At a recent wedding in Jerusalem, I noticed the following differences from the practice I have got used to in the UK. (I realise this question could be asked to justify UK custom in the face of the custom in Jerusalem; please allow it in this form).

My questions are (1) whether these differences are special only to Jerusalem or whether they exist elsewhere and (2) the sources of the differences and if any reasons are given for them.

Difference 1: cup is broken after the 'erusin' blessings and before the seven blessings of 'nisuim'. (In the UK after the seven blessings of 'nisuin'.)

Difference 2: Witnesses sign the kesuboh under the chupah after it has been read up to where they should sign. (In the UK before the chupah.)

Difference 3: The Chosson signs the kesuboh. (In the UK he does not sign.)

  • In the United Synagogue of the UK both choson and Kalla sign. They also dont allow proper music in Yerusholaim.
    – cham
    May 26, 2015 at 13:30
  • related judaism.stackexchange.com/q/28799/759
    – Double AA
    May 26, 2015 at 14:11
  • similar judaism.stackexchange.com/q/35822/759
    – Double AA
    May 26, 2015 at 14:12
  • Actually, the chosson signing the kesubah isn't ONLY a Sephardi minhag, it's a minhag Yirushalayim. Rav Kook, for instance, ruled that the Chosson sign for even Ashkenazi weddings in Yirushalayim. May 27, 2015 at 12:37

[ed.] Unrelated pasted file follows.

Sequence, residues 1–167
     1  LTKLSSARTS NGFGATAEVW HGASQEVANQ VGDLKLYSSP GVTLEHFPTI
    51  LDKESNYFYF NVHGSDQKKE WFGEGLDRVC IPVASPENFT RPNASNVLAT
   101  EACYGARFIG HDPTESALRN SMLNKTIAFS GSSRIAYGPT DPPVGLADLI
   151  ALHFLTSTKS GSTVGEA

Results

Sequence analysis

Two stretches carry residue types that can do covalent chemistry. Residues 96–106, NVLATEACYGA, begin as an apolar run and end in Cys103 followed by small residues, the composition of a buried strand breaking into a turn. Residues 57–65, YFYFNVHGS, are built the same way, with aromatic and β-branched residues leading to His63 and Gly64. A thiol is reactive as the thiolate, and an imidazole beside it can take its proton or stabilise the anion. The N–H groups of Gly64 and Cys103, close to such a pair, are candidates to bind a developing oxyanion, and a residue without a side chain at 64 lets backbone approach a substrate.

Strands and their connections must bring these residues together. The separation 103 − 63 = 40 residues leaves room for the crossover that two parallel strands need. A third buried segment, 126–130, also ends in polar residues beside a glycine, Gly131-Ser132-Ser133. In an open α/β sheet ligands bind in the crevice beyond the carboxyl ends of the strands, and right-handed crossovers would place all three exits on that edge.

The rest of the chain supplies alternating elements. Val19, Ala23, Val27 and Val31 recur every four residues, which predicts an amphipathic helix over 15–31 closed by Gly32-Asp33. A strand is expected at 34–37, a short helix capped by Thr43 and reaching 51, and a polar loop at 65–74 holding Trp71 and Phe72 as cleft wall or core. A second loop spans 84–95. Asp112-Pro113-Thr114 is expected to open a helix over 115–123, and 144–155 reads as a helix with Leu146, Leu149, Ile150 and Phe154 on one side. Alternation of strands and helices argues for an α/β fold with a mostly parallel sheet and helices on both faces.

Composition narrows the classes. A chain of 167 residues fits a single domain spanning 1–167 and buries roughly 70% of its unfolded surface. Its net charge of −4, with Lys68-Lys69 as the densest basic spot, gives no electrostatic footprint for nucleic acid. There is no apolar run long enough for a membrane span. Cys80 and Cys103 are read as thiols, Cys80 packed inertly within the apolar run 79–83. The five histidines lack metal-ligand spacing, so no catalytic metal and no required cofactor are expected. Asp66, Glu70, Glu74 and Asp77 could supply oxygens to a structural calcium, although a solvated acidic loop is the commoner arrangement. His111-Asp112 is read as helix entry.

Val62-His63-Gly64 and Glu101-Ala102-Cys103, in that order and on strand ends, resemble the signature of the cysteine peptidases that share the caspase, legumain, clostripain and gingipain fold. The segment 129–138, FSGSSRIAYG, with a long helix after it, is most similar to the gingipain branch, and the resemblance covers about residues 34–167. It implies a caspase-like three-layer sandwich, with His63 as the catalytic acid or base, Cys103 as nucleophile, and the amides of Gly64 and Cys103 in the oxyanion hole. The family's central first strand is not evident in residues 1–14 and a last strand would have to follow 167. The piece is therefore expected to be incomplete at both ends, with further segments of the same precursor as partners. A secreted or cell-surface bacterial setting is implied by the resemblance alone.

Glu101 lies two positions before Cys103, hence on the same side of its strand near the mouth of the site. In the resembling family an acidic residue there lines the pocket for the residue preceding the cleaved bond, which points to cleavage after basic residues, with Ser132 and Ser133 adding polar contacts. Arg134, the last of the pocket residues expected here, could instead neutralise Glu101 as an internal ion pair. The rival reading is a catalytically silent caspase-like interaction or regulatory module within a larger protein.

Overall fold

• The chosson signing the Kesubah isn't only Sefardi or Yirushalayim. I've seen it done at a Yekkish wedding as well (apparently that was the custom of the place).
    – Yishai
    May 27, 2015 at 17:48

2 Answers 2


I've seen #2 and #3 at Sephardic weddings outside of Israel (I believe the officiating rabbi was of Algerian ancestry) as well. So I'd assume it's more of an Ashkenazic/Sephardic split than a Jerusalem/UK split, though it's certainly possible that Sephardic practice influences non-Sephardim in Jerusalem as well.

  • I've signed a Ketuba as a witness under the chuppah at an Ashkenazic wedding in NY.
    – Double AA
    May 26, 2015 at 13:46
  • 1
    Yeah the typical Sephardic Minhag is to sign under the Chuppah. If you're real old school you would have the Kethubbah WRITTEN on the day of the wedding after much arguing.
    – Aaron
    May 26, 2015 at 19:18

The signing on the kesuboh by the Chosson is a Sepharadic Minhag but even for Sepharadim it is not mandatory and even if he did not sign, it is perfectly Kosher (providing of course that it complies with all other aspects of the Halacha).

Regarding the glass breaking, in both cases, it occurs during the Chupa which means the Nisuim is already valid.

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